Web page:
The Chinese firm Haier is a good example of learning from one market and applying it to another, while embracing a concept of “open innovation". Haier's approach allows customers, suppliers, entrepreneurs and other stakeholders to initiate and collaborate on product innovation. It began by targeting people who lived in small Shanghai apartments with bespoke products, and extended this to the US and other developed markets to meet the needs of modern, space-poor and cost-conscious customers.
The advantages of experience
But it is not all doom and gloom for multinationals in the developed world, and the opportunities are there for companies focused on innovation in three specific areas.
The first is capability. Larger developed multinationals may be slower-moving, but they have established structures and ways of working which can be replicated and tailored. EY’s survey of emerging market chief finance officers indicated greater collaboration with chief marketing officers, for example, focusing on areas traditionally outside the finance function, such as return on investment from marketing and customer insight. Large organisations do not have the same agility and culture of innovation, but they are ahead in processes and internal capability.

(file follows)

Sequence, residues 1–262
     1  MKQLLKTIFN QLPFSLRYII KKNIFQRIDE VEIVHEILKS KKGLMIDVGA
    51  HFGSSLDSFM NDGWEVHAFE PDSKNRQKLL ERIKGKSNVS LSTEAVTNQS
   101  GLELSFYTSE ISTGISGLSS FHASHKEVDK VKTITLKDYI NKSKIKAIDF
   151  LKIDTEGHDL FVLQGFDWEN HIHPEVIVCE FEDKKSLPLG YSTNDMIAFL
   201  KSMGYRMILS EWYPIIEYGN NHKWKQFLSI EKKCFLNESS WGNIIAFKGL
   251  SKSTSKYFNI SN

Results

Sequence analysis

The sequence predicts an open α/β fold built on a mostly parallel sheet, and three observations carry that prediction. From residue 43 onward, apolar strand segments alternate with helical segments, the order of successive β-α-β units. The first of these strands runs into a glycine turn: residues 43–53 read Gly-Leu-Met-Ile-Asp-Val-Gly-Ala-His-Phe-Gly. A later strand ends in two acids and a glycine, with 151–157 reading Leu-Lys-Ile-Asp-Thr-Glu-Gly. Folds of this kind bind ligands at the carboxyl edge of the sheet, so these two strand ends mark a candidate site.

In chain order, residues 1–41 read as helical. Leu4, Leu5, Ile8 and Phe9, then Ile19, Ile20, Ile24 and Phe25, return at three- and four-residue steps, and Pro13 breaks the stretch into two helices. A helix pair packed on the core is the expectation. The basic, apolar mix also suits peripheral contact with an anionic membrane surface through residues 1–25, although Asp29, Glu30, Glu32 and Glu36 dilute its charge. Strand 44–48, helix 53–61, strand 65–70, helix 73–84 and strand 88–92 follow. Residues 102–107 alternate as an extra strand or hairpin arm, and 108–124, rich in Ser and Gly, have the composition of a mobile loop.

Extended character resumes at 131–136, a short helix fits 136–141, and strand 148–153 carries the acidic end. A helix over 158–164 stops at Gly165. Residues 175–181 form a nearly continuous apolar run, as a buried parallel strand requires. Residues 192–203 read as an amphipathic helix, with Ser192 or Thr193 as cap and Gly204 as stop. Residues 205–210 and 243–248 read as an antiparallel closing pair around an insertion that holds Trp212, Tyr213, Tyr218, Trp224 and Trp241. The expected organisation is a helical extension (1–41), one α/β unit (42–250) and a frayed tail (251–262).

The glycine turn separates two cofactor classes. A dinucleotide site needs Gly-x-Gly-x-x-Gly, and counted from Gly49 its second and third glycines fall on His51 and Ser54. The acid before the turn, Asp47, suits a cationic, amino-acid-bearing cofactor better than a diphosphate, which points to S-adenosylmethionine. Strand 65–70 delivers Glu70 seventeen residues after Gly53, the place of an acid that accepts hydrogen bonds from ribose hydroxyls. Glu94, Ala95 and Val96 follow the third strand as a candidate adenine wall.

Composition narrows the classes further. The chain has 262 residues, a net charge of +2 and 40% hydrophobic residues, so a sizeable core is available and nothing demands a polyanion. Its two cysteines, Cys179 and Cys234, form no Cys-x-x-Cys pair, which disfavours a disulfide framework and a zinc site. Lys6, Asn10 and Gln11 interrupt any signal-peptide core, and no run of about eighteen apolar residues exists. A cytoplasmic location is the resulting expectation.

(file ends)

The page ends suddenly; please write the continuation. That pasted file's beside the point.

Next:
Multinationals are far behind in building innovation based on disruptive, future technologies
Secondly, they can think cross-sector. Banco Bradesco in Brazil is working with Ford Motor Company to equip cars with its banking applications. And, as the success of M-Pesa shows, mobile financial services is a sector ripe for global innovation. Across emerging markets, EY has identified 251 live and 102 planned launches of mobile banking services for the “unbanked”, of which only 85 are financial-service company initiatives. Capturing these customers also draws on cross-sector innovation. Behavioural scoring tools based on mobile phone activity provide valuable information on potential customers. GPS tracking, for example, can show regular movement along the same route, signalling a commute to and from work. GPS can also show travel either for work or leisure, which can indicate a stable job or disposable income. GPS is one example of many behavioural tools allowing customers to access credit quickly, and banks to assess their creditworthiness.
Finally, companies can draw on their advantage in other emerging technologies to steal a march. According to Anil Gupta, chair in strategy, globalisation and entrepreneurship at the University of Maryland, “Multinationals are far behind in building innovation based on disruptive, future technologies”.
The path is clear for companies that want to succeed in the dynamic, fast-changing emerging market where massive, yet hard-to-predict upheavals are expected. They must innovate and adapt to succeed while successfully balancing how to operate in and navigate in a possibly volatile environment. Companies in that recognise the potential impact of new technologies -such as block chain, robotics, artificial intelligence and virtual reality - and invest in them for emerging markets will be far better positioned across all markets, emerging or developed.